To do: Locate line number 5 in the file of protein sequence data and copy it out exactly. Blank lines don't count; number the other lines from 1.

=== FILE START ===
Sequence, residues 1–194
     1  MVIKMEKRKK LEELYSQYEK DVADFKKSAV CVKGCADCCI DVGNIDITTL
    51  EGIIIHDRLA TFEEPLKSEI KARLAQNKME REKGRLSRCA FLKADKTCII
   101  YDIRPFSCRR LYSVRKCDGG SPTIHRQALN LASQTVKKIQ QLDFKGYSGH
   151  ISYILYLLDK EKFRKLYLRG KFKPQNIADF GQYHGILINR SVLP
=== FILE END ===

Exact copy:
   151  ISYILYLLDK EKFRKLYLRG KFKPQNIADF GQYHGILINR SVLP